political arena. there are many voices together in the disability community. i want to take you back four years ago to the last presidential cycle before respectability existed. as jennifer was looking at the challenges facing the community, she partnered to take a poll of voters in the election looking at the lens of disability, which many posters had never really considered before. we looked at it and determined that the majority of likely voters at least knew someone with a disability. be aund that there could significant response to candidates who talked exclusively about disability issues. we found the democrats who were women were most likely to talk to the issues.
respectability was founded in 2013 with a mission to change attitudes in society and really empower people with disabilities to pursue the american dream. critical to that is political involvement and economic involvement. the midtermore election, we conducted another poll in swing states. states like michigan, ohio, and so on. found a slightly higher percentage of voters were disabled themselves or knew someone who was disabled. we found this community was far bigger than we realize. you can see the breakdown here.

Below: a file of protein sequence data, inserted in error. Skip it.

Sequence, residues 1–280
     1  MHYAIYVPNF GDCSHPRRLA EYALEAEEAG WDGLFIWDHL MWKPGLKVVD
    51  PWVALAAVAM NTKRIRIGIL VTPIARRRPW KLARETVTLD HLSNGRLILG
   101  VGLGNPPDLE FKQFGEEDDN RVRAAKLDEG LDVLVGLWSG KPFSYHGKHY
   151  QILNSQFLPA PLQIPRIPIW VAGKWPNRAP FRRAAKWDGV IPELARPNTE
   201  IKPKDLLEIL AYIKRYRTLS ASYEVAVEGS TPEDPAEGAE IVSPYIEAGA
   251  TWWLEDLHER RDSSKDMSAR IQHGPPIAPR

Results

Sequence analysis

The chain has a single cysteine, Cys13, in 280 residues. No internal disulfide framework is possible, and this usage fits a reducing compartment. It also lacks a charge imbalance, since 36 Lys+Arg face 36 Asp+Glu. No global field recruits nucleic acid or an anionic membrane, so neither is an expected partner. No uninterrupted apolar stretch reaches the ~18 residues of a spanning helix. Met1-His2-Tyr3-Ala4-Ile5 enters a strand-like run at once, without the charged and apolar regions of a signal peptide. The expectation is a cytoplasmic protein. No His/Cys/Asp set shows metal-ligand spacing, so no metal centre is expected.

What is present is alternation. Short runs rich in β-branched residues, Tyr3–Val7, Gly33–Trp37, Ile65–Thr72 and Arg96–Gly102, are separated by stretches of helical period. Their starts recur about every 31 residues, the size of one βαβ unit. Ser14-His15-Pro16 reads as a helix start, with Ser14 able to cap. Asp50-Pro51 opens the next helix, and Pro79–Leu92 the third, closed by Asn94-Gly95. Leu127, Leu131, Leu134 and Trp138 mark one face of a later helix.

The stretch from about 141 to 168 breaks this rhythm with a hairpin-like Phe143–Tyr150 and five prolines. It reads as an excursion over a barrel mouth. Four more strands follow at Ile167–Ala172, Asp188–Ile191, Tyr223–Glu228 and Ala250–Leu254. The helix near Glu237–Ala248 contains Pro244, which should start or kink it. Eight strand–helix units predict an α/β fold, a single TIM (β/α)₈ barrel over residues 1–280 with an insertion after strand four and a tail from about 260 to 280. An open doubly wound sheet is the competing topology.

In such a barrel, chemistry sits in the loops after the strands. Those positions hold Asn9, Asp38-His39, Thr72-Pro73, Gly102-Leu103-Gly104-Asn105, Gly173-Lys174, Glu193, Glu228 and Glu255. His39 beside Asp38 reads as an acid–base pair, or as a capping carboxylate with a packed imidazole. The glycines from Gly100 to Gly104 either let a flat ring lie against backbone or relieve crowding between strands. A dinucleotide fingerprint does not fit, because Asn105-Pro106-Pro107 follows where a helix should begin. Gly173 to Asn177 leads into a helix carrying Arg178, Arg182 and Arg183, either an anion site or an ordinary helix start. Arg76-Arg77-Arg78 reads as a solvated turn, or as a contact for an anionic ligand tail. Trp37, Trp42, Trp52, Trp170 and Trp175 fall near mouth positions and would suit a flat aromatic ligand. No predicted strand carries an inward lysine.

one of the interesting findings is the likely voters that we of -- oke town in terms broke down in terms of partisanship. of saw a solid group republicans with disabilities, democrats with disabilities, and independents with disabilities. after the midterm election, the dust settled, and we looked at what motivated the voters? what cut them interested, what candidates did they vote for? key voters were most likely to vote for candidates who made it a priority to get people with employment. into
we found employment was a critical issue, particularly for women, and noncollege educated voters. anchorage you to go to our website where we have a full questionnaire. one of the interesting things is midterm elections tend to be fairly quiet. many, besides hard-core political geeks, get out there and vote. however, people with disabilities get out there and vote. we found that people with disability's are very concerned about the economy to a greater percentage than other voters. have a breakdown here about caressues that voters most